John Matthews, Alliance for Global Water Adaptation (AGWA)
What are your expectations for the Zaragoza Conference for helping in the implementation of the water related SDGs?
My expectations are that I hope to see insights from distinct silos in the water community that are rarely placed in substantive contact with one another. The private sector, people that work at a really strategic level at an operational level meeting with their counterparts in the public sector and in civil society and that we can together share some of the approaches and tools and methodologies and hopefully real insights and perspectives can be shared and developed.
Do you think over the last 10 years there’s been more of a coming together of the various sectors. Is there more cohesion than there used to be?
Sometimes familiarity breeds contempt – just because people are in contact with each other and maybe in increasing contact doesn’t mean that there’s forward movement – I could point to my extended family as an example. What i have seen is that there are individuals throughout the water community that tend to be bridge builders they tend to be curious about what’s happening outside of their own experience, they are i9nterested in expanding the circl3es of knowledge and expertise in which they work. They don’t assume that their larger network contains all of the necessary knowledge. To me that’s a sign of real humility. I think the water community at its best is a humble community that understands that there is little coherence to how we’re organised, that there are lots of people that are water managers that don’t even know that they are water managers and I think that those bridge builders are the ones that are ambassadors and midwives, they pull ideas across disciplines and institutions and sectors and they become ways of articulating, reenvisioning these ideas into new formats and I think that there have been some significant examples of that, there have also been times when worlds have met and worlds have collided, and people have pulled back from each other or differences have hardened. Those bridge builders are not that common but they’re critical and they’re particularly critical in terms of the post 2015 SDGs and even more important what really stands behind the SDGs, and the larger goals that they represent.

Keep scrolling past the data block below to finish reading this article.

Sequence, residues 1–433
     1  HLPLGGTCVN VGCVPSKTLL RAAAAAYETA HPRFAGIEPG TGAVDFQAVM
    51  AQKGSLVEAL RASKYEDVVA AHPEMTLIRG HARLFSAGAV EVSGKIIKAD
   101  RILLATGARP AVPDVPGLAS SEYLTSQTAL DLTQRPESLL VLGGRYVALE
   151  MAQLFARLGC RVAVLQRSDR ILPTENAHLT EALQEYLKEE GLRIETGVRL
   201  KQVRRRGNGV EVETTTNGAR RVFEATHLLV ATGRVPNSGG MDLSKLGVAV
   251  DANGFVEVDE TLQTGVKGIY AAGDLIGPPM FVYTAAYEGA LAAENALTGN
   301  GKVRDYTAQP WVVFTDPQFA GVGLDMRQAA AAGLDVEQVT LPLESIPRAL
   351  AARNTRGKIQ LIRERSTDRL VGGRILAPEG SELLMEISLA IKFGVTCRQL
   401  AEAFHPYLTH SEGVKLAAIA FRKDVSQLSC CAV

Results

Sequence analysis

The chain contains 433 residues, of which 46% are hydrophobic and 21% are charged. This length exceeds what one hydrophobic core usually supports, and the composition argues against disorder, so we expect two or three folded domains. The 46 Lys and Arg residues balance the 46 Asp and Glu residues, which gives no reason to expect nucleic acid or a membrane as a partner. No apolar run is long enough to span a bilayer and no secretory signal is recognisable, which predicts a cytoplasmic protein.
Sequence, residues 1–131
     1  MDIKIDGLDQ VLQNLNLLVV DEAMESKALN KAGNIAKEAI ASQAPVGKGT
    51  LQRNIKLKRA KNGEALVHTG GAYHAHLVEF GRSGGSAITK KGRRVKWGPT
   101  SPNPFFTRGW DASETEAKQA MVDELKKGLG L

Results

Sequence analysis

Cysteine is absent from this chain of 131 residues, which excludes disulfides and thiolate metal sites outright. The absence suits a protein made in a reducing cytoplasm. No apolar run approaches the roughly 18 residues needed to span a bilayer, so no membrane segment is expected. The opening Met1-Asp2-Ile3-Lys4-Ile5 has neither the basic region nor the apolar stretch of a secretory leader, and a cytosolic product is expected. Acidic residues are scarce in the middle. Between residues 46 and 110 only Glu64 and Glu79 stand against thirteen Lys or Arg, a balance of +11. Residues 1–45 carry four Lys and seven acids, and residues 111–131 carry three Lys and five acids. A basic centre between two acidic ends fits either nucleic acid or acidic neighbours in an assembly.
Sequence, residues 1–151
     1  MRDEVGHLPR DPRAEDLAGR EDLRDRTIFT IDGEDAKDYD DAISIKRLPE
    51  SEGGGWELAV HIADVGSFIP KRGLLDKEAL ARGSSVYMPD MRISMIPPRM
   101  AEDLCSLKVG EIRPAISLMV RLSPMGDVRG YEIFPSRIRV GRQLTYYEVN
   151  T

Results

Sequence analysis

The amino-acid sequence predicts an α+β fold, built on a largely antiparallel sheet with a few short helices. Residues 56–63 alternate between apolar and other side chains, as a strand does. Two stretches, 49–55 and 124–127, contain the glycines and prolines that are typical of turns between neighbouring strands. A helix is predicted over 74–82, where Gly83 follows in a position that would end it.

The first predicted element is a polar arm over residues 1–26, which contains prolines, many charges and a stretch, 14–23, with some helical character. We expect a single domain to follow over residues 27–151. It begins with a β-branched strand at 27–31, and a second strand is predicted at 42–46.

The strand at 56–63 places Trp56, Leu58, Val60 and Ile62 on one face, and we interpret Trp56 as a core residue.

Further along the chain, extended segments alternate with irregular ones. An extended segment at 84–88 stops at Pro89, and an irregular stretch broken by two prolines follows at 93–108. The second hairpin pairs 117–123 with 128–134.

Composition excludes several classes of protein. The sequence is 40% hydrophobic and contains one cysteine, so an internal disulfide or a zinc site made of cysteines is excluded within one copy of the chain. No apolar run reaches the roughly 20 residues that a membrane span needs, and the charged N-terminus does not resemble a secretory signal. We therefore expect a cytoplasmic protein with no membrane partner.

What are the main challenges for implementing sustainable water for all?